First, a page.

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Preparing Physically For a Hospital Stay

By: Jeff Durham - Updated: 19 Nov 2012 | comments*Discuss
Physical Preparation For Surgery

It’s important that you prepare yourself physically before you go into hospital for surgery. You can do this in a number of ways - through proper diet, exercise, lifestyle adjustments and working in conjunction with your GP or surgeon to discuss any current medications you are on and any preliminary medical checks or tests you may need to undertake. Here is a list of things to be aware of.


If you’re not already doing so, you should begin eating a proper balanced and nutritious diet that is rich in foods containing Vitamin C as this can promote tissue healing. Your GP should be able to give you a diet sheet, which would be recommended prior to undergoing surgery.


Even if you wouldn’t usually exercise, if you’re having surgery it’s a good time to start. You don’t need to do anything too physically intensive but modest exercise can be beneficial in a number of ways. It will increase your energy levels and also help to relieve stress, both of which will have a bearing on your psychological well-being in the run up to surgery.

Furthermore, it will also increase your muscle flexibility and improve toning which will be extremely important if you are going to be confined to bed for a while after your operation.

Supplements & Prescription Drugs

If you’re eating a balanced diet that is rich in Vitamin C, you shouldn’t need to take additional supplements but if you do generally take them as a rule, you should check with your GP first as certain supplements can have negative side effects if you are facing surgery. A general multivitamin containing zinc should be fine but you need to be aware of certain vitamin and herbal supplements, which have been known to interfere with blood clotting. These include:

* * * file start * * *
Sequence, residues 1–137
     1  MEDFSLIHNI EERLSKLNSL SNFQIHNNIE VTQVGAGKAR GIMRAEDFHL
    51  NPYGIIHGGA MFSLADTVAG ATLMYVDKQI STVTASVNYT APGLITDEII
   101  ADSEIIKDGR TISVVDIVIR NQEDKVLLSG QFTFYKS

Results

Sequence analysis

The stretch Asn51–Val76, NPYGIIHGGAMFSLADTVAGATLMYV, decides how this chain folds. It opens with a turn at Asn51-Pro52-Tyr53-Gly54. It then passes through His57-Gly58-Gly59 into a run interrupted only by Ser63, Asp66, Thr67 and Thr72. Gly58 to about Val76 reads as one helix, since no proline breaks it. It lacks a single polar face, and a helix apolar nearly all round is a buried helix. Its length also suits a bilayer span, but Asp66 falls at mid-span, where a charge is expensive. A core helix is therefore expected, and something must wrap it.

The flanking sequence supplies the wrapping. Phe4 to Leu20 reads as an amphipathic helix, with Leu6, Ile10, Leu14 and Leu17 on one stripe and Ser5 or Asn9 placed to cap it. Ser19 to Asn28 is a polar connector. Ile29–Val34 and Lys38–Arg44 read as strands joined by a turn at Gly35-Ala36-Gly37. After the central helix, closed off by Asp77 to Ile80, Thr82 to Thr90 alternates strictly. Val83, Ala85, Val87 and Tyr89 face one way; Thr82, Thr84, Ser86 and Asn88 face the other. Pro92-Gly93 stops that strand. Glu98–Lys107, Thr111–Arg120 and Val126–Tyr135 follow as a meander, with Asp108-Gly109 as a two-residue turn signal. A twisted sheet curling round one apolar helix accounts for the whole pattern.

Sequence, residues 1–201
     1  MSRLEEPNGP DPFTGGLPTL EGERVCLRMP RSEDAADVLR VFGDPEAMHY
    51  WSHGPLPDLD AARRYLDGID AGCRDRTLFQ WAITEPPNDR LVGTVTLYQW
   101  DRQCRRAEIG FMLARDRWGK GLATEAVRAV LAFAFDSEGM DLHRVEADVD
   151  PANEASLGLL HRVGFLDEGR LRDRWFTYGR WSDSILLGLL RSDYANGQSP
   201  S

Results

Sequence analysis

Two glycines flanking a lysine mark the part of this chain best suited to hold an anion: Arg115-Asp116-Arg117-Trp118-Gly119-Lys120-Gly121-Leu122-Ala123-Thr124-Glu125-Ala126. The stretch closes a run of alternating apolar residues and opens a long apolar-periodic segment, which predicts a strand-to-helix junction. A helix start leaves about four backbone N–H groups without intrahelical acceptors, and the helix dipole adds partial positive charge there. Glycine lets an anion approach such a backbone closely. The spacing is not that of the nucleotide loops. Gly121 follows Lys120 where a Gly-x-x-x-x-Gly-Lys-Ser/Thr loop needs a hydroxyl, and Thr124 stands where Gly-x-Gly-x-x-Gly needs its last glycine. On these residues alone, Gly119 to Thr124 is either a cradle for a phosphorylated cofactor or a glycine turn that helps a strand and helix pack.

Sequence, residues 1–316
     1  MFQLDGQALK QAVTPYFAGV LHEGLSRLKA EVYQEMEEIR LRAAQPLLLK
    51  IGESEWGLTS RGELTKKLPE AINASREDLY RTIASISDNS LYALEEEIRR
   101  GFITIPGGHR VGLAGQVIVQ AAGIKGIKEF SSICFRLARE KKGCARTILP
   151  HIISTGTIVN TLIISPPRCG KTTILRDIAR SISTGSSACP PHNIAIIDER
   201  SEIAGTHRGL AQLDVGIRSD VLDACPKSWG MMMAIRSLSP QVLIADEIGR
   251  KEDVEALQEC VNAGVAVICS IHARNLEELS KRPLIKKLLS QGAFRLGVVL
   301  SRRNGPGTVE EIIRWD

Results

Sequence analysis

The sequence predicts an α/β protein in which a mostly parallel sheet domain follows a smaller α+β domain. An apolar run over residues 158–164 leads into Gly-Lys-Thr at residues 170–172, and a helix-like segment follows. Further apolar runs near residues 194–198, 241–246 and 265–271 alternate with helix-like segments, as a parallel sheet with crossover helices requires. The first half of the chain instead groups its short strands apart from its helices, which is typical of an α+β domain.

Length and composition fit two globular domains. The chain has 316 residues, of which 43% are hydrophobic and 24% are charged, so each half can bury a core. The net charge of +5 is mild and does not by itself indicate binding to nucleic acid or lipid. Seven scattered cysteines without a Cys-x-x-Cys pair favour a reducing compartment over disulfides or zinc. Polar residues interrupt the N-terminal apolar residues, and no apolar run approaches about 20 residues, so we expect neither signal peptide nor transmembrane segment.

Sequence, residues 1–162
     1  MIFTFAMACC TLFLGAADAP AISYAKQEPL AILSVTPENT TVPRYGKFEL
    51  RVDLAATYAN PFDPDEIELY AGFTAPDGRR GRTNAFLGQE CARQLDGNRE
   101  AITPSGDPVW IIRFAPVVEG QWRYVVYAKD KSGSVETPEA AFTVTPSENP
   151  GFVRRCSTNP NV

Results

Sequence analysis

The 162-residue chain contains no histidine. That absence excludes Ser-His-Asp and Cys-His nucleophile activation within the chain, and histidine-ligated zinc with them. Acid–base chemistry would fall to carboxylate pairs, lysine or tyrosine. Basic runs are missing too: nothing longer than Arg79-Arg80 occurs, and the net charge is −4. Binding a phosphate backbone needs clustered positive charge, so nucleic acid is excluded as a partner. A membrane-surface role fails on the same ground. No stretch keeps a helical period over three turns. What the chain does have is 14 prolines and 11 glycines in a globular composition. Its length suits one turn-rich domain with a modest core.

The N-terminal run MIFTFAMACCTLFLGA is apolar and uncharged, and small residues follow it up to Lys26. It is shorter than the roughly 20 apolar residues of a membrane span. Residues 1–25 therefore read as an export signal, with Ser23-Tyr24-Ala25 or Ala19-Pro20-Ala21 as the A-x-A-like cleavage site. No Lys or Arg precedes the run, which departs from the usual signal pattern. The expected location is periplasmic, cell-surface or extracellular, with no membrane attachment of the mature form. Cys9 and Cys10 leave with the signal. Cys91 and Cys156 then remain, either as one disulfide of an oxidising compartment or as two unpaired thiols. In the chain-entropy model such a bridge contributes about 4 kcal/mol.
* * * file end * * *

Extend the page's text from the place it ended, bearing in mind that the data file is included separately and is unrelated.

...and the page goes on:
• Excess Vitamin E
  • Cod Liver Oil
  • Gingko
  • Garlic

Additionally, some herbal remedies can interfere with anaesthesia too. Therefore, you should either discuss this with your GP or, alternatively, stop taking these kinds of supplements two or three weeks before your surgery just to be on the safe side. It’s also important to stop taking aspirin and other anti-inflammatory medications as these too can interfere with blood clotting.

As for any other prescription drugs you may be taking, you’ll need to give a list of all of those to your surgeon and they will be able to advise you on which ones are OK to take right up to the day of surgery. Also, if you’re a diabetic, you’ll need to discuss how you’re going to keep your insulin levels managed properly in the hours leading up to your surgery when you might not be permitted to eat.


If you’re a smoker, this is the perfect time to quit and you should also be careful about your alcohol intake in the couple of weeks leading up to your surgery and only drink alcohol in moderation. Better still, cut it out until after your operation.

Pre- Surgery Tests

Make sure you also check where and when any routine tests you may need to attend are going to be taking place. These might include blood and urine tests, an ECG or x-rays.

Once you have completed all of these checks, you will be as well prepared as you can be physically and alongside the mental preparation you’ll also need to undertake (which is contained in another article on this website), you’ll be ready for your upcoming surgery and can now start to plan for your recovery and rehabilitation afterwards which will help you to set goals once the operation is over.

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